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The Secret to Decision-Making

February 4, 2020

Steve Nedvidek, retired Innovator in Residence at Chick-fil-A, describes Jimmy Collins as the greatest leader he’s ever encountered.

Jimmy Collins is the former president and Chief Operating Officer of Chick-fil-A who has dedicated his life to motivate and inspire leaders around the world. 

I recently met with Steve, and he shared a lesson he learned about decision-making while working with Jimmy Collins. 

As soon as I heard the phrase “decision-making,” my posture changed. I leaned in, grabbed my pen, and braced myself for the answer to the secret I’d been waiting years to uncover—how to make the best decisions. Because if I can I just make the right decisions, everything else will fall into place. Right?

Wrong. Well, sort of.

Jimmy Collins used to say,

“I’ve made a career not on making the right decisions, but on making the decisions I’ve made the right ones.”

So often people, especially leaders, fall into one of two camps in their approach to decision-making. One group is fixated on intuition, trusting their gut to make the best decision. While the other fully relies on data, analytics, and research to guide them. The problem doesn’t lie in the approaches but on these leaders’ fixation on making the right decision.

Thinking this way can lead to either pride or discouragement. Leaders can wrongly think that it was their good sense that made them successful, or they can wrongly be discouraged by an obstacle and quit too soon. The reality is that there might not be a right decision or a wrong decision. Maybe there’s just a decision to make, and it’s imperative to take a step forward.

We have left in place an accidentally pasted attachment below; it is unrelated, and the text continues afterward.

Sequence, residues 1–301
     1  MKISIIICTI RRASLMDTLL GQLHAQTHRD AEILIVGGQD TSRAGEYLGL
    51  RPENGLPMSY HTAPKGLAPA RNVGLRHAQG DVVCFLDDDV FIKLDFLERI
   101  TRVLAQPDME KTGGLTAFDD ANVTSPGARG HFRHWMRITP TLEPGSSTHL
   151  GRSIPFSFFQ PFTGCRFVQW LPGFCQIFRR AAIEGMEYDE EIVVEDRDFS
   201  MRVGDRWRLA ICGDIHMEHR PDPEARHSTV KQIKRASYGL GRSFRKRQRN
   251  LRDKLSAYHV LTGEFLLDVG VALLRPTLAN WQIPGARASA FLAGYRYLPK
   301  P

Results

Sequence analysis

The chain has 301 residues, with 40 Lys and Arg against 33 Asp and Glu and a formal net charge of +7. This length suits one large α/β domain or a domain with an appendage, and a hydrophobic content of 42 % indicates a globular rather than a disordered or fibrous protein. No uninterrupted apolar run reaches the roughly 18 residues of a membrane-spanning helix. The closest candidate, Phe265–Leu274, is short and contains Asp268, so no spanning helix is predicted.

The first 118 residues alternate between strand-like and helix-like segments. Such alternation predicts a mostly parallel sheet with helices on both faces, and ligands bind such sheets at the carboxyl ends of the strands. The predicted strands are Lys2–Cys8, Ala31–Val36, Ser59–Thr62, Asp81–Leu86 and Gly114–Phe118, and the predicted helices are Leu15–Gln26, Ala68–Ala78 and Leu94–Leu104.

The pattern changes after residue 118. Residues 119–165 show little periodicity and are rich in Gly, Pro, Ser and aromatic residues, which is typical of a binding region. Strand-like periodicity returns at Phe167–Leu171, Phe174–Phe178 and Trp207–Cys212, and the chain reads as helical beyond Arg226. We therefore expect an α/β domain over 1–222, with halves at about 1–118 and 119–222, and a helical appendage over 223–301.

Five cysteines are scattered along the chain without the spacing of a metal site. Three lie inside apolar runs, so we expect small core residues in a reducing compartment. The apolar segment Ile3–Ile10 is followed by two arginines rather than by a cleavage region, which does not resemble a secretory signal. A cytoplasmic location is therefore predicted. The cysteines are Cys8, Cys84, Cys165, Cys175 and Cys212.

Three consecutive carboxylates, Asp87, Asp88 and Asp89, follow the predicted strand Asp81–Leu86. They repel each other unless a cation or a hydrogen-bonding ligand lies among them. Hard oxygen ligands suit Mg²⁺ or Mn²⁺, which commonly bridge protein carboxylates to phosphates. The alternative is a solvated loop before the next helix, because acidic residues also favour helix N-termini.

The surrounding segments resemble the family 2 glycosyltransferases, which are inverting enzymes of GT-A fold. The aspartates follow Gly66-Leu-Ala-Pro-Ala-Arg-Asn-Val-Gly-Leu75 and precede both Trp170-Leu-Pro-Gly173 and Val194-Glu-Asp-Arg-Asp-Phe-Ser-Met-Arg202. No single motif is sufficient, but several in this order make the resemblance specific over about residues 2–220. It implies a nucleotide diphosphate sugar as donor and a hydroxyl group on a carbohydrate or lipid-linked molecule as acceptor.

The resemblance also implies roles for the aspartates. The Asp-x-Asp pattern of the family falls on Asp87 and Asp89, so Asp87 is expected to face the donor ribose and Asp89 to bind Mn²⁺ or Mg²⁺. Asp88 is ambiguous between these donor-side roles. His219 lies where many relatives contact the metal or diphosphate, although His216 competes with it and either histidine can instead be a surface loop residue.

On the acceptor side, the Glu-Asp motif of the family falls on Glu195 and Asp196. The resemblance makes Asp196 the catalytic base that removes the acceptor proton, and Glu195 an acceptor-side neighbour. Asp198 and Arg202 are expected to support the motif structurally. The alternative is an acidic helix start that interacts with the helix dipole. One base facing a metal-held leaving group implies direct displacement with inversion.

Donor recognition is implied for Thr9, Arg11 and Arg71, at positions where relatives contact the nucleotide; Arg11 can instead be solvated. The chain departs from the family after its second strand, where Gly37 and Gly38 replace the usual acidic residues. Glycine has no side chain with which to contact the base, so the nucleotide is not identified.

Collins’ perspective of decision-making is refreshing. He’s saying that we may not know if we made the right decision, but once we’ve made it, we need to do whatever we can to make it work. 

Let me be clear. The decisions we make are not inconsequential. It’s important that we use our insights and intuition to try to make good choices. But at the end of the day, what we do once we’ve made a decision is what matters most.

So the next time you’re faced with a big decision, here’s my advice to you:

1. Decide: Take the step. Sign the contract. Have the courage to make the decision.

2. Commit: Once you’ve decided, see the decision through. Don’t waffle. Stick to it.

3. Grit: When it’s tough, keep going. Push through adversity. Overcome obstacles. Don’t quit.

Don’t let the fear of decision-making stop you from taking a step forward. It’s time to make your choice and get to work.


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